Anthony Hopkins hits the dancefloor at the Oscars after party

Becoming an Oscar winner is a prestigious moment in any actor's career that secures their place in the history books, but now research has shown actors who win an Academy Award are more likely to live longer compared to their fellow nominees and un-nominated co-stars.

In a study published in the journal PLOS ONE, there were 2,111 actors from 1929 to 2020 who were nominated for an Oscar or appeared opposite a nominated actor and researchers from the University of Toronto led by Donald Redelmeier based a model of analysis on this figure.

According to the model, actors who have taken home the prestigious prize have a life expectancy of 81.3.

Meanwhile, those who were nominated but didn't win have a shorter life expectancy by nearly five years at 76.4, though un-nominated co-stars are the worst off, coming in at 76.2 years old.

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"Academy award-winning actors and actresses show a positive association between success and survival, suggesting the importance of behavioral, psychological, or other modifiable health factors unrelated to poverty," researchers in the study said.

After identifying every one of the 934 nominees from 1929-2020 as part of the methodology, they then identified another cast member who performed in the same film as the nominee, "with closest-possible matching on age and exact matching on gender."

If we take a look at Hollywood legend, 72-year-old Meryl Streep as an example, who was nominated for a leading actress award in 1988 for her performance in Ironweed, the researchers identified the late Margaret Whitton among the different actresses who starred in the film but were not nominated as she shared an age gap of less than a year with Streep.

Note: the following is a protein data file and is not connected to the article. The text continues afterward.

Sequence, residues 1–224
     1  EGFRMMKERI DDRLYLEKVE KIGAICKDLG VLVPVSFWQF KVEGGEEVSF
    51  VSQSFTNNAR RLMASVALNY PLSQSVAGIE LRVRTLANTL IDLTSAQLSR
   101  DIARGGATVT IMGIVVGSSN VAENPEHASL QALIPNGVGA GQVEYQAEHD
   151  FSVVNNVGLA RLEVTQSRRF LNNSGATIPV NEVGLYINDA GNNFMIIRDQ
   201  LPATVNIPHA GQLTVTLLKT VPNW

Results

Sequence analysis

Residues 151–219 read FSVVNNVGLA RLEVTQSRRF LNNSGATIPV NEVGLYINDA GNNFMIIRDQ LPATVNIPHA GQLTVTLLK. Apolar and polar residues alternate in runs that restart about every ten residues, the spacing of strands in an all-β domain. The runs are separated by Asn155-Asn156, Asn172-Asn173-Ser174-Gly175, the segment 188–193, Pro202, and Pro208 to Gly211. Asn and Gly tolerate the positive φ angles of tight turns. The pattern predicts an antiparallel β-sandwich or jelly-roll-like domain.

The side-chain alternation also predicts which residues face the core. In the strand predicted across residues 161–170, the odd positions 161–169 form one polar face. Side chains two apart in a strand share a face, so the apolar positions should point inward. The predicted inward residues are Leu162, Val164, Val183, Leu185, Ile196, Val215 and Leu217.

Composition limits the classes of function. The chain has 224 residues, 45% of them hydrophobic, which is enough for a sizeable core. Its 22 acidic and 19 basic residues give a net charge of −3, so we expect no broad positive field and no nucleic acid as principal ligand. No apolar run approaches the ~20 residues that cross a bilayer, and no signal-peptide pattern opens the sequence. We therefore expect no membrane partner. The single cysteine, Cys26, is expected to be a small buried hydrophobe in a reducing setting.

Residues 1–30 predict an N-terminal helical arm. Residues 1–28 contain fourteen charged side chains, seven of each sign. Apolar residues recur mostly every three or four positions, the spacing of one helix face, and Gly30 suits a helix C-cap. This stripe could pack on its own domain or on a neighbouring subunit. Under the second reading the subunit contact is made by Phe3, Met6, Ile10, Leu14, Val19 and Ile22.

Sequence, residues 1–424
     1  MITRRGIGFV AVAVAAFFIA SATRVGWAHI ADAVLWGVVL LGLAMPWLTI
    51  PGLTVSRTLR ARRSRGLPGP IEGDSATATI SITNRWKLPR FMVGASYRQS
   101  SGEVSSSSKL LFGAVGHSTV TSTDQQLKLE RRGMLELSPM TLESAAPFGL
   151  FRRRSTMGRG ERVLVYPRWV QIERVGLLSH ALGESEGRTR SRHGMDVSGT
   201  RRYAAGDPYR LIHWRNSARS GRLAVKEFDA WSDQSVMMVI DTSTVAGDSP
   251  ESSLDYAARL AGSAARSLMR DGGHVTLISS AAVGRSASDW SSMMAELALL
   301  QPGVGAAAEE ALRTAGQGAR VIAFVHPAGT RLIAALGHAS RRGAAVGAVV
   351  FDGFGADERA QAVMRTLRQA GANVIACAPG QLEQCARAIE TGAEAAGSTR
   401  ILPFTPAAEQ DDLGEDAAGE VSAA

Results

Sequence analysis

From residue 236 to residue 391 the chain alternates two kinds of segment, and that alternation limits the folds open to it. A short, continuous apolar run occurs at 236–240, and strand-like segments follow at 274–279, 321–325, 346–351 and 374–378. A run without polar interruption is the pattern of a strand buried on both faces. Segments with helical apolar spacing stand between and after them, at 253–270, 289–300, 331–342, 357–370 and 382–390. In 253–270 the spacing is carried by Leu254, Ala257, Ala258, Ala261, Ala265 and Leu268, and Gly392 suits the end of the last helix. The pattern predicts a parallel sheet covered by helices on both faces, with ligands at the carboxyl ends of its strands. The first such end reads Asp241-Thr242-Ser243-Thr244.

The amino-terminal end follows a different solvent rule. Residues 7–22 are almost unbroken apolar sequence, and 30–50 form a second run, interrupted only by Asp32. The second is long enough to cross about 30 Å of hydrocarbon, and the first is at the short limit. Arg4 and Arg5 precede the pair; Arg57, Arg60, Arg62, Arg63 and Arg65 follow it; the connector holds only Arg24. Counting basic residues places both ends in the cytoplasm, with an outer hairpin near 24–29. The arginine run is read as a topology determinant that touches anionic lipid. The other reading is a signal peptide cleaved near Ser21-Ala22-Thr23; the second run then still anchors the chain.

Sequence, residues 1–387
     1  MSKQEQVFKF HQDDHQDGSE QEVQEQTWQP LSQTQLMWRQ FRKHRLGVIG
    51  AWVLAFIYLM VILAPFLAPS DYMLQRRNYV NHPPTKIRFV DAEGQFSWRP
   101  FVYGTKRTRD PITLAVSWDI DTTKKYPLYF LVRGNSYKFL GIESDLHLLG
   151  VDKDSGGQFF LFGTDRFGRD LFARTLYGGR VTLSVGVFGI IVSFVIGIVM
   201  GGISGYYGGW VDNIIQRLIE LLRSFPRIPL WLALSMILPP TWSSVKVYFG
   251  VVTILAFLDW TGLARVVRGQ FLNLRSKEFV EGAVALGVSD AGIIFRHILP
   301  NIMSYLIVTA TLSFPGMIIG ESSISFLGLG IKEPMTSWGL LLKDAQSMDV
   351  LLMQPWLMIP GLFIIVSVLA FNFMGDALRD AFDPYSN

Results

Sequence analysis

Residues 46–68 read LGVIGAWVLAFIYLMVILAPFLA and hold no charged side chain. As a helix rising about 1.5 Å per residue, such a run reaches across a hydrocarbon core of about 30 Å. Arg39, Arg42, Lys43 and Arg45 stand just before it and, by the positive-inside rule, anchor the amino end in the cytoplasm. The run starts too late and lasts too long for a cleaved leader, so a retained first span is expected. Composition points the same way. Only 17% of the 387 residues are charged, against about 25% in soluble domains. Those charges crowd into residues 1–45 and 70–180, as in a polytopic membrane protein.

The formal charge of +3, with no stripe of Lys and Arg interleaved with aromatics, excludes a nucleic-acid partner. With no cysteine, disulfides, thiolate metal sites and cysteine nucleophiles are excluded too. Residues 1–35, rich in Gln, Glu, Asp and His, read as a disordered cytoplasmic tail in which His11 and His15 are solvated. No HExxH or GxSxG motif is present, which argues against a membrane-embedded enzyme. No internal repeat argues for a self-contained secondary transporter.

Out of all of the 2,111 actors who were analysed, 1,122 of them has passed away by July 1 2020 where the average death for winners was 77.1, then 73.7 for nominees, and 73.6 for controls.

An earlier study in 2006 study also showed Oscar winners like Rami Malek (above) have a longer life expectancyPhoto by Frazer Harrison/Getty Images

Though, researchers did consider the fact that life expectancy has increased since the Oscars began almost a century ago, hence the increased results - 81.6 years for winners, 76.4 for nominees, and co-stars at 76.2.

'The analysis replicated earlier findings from decades ago, showed a larger difference in life-expectancy than originally reported, and suggested the increased survival extends to analyses restricted to winners and nominees," the researchers said.

“‘The increased life-expectancy was greater for individuals winning in recent years, at a younger age, and with multiple wins.”

Although there are no concrete reasons as to why this is the case, the study's researchers have shared their theories as to what contextual factors such as an increased social status after winning may contribute to a longer life.

“Winners tend to eat properly, exercise consistently, sleep regularly, avoid drug misuse, and follow the ideals of a prudent life-style that bring more gains with adherence," they wrote.

While psychological reasons behind Oscar winners living longer were also raised.

"Academy award winners may be able to avoid some stress through more control and less aggravation when encountering an obstacle,' they added.

"The award, in particular, could soften a humiliating rejection or insulting review by preserving peace-of-mind and helping to buffer the hypothalamic-pituitary stress responses."

Oscar winners are more likely live longer according to a new study, which Oscar winners will be glad to hearPhoto by Frazer Harrison/Getty Images

Researchers hope that the study will assist in our understanding of what improves our life expectancy and believe "major success" could be one of the contributions.

"The findings on longevity observed in our study, of course, do not mean people should take acting lessons to improve their health or awards should be dispensed by clinicians," the conclusion read.

"Instead, the data suggest that major success might contribute to individuals behaving in ways that could potentially mitigate the wear-and-tear that can accumulate over years."

Funnily enough, it's not the first time a study has concluded Oscar winners are likely to live longer, as a 2006 study also came to the same conclusion published in the Annals of Internal Medicine, with their findings showing that winners live four years longer than their colleagues who missed out on the top prize.

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